The Maker Mind at Peaslee School
Guest Blogger: Nancy Kellner
One of the goals of both library and technology instruction at Peaslee School is to integrate seamlessly into the classroom curriculum. A recent Professional Development workshop was devoted to looking at the existing curriculum through the Maker Mindset.
Whether we are talking about how we are teaching and learning, what we are teaching and learning or where we are teaching and learning, it can be summed up with one concept—the Maker Mind. While this terminology might be new, the pedagogy isn’t really. Kindergarteners build sets out of blocks for their dramatic play, third graders create terrariums during a plant unit and fourth graders invent musical instruments while studying sound.
Hands-on learning has been around since the first youth apprenticed to a master crafter. What the maker mindset does is to encourage educators to view the entire curriculum through a new lens. Makers solve problems. Makers create. Makers think. Makers invent. Makers share.
One way of looking at this shift is to consider the following. Instead of asking students what they want to be when they grow up, ask them what problems they want to solve. This is what 21st century learning is all about–collaboration, creativity, communication, critical thinking and citizenship.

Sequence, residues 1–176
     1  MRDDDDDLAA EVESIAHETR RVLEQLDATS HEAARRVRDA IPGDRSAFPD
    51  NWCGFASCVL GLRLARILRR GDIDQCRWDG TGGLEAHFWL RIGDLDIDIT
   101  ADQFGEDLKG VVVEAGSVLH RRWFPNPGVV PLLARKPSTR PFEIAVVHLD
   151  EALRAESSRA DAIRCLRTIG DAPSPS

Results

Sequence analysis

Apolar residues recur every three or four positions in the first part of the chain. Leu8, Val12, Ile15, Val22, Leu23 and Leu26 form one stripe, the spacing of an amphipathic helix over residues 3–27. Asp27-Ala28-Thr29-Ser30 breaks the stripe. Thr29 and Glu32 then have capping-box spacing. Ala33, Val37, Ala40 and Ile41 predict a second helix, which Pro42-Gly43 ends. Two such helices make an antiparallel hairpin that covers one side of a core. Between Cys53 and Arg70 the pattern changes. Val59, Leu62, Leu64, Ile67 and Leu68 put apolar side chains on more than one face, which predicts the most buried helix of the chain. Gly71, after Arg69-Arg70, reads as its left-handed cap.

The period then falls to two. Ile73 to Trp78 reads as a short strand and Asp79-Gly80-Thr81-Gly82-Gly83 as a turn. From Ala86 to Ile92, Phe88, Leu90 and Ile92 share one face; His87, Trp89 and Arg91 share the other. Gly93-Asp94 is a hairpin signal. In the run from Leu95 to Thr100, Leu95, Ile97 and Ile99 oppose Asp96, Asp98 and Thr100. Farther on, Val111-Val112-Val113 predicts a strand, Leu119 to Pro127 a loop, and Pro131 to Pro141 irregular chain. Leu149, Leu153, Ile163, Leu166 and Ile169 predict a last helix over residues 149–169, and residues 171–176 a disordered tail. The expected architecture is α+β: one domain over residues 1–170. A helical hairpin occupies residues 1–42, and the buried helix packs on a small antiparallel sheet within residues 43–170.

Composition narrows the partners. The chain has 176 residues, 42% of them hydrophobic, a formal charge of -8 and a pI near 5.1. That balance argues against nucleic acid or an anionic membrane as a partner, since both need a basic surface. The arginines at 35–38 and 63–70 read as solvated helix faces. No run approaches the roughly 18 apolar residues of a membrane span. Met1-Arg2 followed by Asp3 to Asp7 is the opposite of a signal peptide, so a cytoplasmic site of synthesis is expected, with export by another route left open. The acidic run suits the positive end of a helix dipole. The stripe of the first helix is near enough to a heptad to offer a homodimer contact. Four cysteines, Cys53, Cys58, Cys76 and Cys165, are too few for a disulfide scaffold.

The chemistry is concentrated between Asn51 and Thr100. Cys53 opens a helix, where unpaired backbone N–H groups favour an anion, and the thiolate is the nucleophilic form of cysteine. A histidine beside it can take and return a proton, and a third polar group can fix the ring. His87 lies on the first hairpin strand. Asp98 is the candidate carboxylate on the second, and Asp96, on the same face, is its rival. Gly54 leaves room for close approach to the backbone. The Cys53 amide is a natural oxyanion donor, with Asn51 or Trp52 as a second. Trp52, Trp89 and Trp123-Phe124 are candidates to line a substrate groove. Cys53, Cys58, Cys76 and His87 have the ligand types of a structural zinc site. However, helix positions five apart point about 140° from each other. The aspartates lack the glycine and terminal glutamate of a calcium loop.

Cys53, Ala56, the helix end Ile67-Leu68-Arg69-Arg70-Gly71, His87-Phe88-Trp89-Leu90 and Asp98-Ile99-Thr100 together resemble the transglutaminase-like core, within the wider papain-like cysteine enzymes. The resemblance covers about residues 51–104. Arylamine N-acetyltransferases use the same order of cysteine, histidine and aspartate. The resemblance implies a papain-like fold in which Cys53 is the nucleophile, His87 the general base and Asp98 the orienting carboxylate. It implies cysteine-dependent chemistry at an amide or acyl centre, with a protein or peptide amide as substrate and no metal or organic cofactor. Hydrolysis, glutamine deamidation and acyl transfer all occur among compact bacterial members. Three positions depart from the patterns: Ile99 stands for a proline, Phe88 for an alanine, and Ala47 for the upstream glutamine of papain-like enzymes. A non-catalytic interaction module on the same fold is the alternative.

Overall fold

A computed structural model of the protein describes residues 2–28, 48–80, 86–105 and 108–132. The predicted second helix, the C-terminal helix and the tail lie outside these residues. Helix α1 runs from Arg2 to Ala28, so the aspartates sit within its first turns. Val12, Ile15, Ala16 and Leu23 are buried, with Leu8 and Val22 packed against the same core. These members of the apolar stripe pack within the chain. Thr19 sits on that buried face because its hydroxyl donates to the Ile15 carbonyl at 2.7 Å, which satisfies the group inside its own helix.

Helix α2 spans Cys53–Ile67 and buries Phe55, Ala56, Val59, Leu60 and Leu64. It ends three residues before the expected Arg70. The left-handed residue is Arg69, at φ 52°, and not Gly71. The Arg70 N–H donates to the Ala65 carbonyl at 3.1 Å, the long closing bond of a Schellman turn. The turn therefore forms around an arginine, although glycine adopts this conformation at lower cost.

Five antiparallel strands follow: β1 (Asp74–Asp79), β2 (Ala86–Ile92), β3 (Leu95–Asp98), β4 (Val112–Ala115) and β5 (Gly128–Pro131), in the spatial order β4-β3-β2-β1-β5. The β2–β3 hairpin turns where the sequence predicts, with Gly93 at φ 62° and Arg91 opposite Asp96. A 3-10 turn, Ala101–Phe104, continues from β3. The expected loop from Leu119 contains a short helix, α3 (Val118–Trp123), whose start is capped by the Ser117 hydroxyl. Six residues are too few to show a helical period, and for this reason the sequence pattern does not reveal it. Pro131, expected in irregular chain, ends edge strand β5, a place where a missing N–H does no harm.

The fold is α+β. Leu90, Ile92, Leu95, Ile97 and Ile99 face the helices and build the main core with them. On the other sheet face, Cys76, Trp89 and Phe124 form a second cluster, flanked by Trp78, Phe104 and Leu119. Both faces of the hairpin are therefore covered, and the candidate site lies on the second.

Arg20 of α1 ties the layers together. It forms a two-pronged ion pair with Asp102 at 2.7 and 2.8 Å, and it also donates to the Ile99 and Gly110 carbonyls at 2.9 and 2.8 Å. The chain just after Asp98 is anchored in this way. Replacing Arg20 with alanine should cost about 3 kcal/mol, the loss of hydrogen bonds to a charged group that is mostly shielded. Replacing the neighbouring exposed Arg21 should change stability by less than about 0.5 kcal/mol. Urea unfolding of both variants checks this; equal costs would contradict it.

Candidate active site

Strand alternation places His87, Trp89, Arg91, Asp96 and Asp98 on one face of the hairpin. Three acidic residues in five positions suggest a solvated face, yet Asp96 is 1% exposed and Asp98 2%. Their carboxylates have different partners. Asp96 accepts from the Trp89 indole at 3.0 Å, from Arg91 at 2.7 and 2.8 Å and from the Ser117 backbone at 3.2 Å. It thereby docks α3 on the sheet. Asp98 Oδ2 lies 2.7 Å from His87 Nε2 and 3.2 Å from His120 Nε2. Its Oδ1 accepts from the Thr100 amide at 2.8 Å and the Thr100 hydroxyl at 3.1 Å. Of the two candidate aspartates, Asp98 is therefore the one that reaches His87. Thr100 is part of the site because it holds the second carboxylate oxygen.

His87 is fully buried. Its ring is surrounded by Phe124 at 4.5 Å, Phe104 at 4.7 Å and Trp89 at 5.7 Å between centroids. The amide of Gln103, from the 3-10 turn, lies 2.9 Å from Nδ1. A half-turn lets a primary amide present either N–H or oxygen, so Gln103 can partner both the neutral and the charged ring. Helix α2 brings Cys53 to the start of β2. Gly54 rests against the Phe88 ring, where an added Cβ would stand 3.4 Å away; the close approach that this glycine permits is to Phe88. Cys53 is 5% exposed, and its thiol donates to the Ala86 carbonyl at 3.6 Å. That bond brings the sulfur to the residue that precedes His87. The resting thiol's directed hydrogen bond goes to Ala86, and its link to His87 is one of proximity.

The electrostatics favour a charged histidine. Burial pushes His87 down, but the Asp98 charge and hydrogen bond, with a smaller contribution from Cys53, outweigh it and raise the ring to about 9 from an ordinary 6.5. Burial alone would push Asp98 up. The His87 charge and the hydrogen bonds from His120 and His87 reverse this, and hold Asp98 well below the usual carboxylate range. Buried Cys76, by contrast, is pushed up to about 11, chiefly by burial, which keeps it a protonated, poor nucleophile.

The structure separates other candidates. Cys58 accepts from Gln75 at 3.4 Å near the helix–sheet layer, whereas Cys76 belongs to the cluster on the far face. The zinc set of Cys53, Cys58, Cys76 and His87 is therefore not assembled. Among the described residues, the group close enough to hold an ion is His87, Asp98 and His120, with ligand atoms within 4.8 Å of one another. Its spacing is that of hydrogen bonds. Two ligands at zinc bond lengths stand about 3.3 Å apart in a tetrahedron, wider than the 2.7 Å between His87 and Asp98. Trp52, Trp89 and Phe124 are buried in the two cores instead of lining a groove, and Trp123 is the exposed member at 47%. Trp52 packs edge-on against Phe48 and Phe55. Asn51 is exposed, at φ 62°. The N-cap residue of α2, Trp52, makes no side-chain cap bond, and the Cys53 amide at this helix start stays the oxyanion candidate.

At a recent Professional Development day at Peaslee School, teachers had the opportunity to activate their maker minds in the area of language arts. Based on an approach developed at Tufts Center for Engineering Education and Outreach entitled Novel Engineering, teachers (in the role of students) teamed up to read picture books, identify problems faced by the characters, brainstorm solutions and then design prototypes (using low-tech materials such as duct tape, corrugated cardboard, paper towel tubes and pipe cleaners) to solve the problems. The books chosen were:
- I Want My Hat Back by Jon Klassen
- Good News Bad News by Jeff Mack
- How to Catch a Star by Oliver Jeffers
- Chu’s Day by Neil Gaiman
- The Little Engine That Could by Watty Piper
As professional development this activity served two purposes. The first–to inspire teachers to bring a similar lesson to their language arts instruction. The second–to empower teachers to continue to look for opportunities to incorporate STEAM education into their instructional units. Oh, and there was a third as well, if truth be told. We all had a boatload of fun!